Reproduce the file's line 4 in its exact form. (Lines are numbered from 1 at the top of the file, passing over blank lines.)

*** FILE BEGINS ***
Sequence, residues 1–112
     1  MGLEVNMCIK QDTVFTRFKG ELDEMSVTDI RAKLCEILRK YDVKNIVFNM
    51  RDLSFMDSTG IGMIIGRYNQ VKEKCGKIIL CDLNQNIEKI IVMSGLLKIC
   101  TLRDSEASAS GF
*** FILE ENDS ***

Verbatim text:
   101  TLRDSEASAS GF